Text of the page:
1. Cystic Fibrosis and Failure to Thrive
One of the first indicators that a child might have cystic fibrosis (CF) is a clinical picture called failure to thrive (FTT). FTT is a blanket term used when a childâs growth falls far behind others their age. More specific markers include weight for age, height for age, and weight for height. Kids with CF often present with FTT due to the nutrient malabsorption associated with the disease. That doesnât mean a small child necessarily has CF. Though if they fall far below the curve on their growth chart, it is something their physician may try to rule out.
2. The Food Allergy Connection
The suboptimal body size of CF patients is often due to this malabsorption, but in some cases there are other factors at play. One consideration may be food allergies, especially if a child hasnât responded positively to conventional treatment. Italian researchers looked at a small group of children whose FTT persisted, despite treatment with pancreatic enzymes and nutrition supplements. They found the 90% of subjects tested positive for food allergies. In order for CF patients and their families to best manage their disease, itâs important that theyâre aware of the potential for food allergies.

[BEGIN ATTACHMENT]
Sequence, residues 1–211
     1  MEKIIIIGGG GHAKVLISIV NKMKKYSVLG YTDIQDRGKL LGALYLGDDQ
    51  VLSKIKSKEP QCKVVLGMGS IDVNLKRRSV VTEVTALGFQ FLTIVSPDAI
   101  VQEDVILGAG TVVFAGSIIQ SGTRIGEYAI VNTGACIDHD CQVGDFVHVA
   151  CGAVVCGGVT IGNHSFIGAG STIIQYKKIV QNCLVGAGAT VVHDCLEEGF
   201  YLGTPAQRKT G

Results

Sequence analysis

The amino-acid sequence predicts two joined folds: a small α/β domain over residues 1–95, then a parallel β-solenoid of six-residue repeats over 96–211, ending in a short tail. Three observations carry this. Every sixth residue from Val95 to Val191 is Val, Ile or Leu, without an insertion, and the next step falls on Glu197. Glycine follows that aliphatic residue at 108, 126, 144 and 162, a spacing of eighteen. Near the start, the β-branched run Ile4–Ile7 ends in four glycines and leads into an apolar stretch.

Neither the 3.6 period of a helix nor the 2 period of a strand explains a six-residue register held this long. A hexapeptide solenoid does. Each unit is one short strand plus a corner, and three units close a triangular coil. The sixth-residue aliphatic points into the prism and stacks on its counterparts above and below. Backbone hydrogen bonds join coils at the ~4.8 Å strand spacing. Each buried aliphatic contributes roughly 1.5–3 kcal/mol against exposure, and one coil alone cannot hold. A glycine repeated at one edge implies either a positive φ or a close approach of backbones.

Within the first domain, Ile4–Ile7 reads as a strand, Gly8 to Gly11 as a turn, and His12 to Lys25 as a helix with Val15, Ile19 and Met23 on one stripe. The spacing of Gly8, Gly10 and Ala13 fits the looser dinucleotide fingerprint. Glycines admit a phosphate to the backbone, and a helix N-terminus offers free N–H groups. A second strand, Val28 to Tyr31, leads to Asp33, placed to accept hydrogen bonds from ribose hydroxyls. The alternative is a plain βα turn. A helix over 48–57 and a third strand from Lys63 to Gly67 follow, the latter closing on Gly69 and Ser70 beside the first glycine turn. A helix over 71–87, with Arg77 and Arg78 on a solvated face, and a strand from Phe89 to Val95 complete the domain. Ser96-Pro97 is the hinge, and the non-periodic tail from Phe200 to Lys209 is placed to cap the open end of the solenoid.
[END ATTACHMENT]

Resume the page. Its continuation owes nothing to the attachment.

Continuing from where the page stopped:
3. Celiac Disease
When patients were diagnosed with both CF and celiac disease, it used to be chalked up to just a “casual association”. As these two conditions began to co-exist more frequently, though, a positive relationship between them became apparent. According to a 2003 review article in International Pediatrics, patients with cystic fibrosis are five times more likely to develop celiac disease than the rest of the population. So what is celiac disease? It’s actually an allergy to the protein component of wheat, called gluten. A patient with both of these conditions is at extremely high risk of FTT. It’s important to work with a registered dietitian who specializes in CF or celiac disease to optimize nutrition status.
4. Cow’s Milk and Cystic Fibrosis
Cowâs milk is tough to swallow for manyâwhether due to a true milk protein allergy or more common lactose intolerance. Thatâs true amongst CF patients, as well as the within the general population. Ingesting cowâs milk without adequate amounts of the digestive enzyme lactase can lead to inflammation of the small intestine. This inflammation, called enteropathy, can be seen through tissue biopsy. CF patients who present with enteropathy often show marked improvement when cowâs milk is eliminated from their diet.
5. The Truth About Fat
Are CF patients allergic to fat? You might think so, considering that consuming too much can lead similar symptoms. The abdominal pain and diarrhea is actually due to malabsorption and not a true allergy. The main contributor to this is a condition called pancreatic insufficiency. In CF, the pancreas is often unable to optimally digest and utilize certain food components. Taking supplements containing digestive enzymes normally present in the pancreas helps for many patients.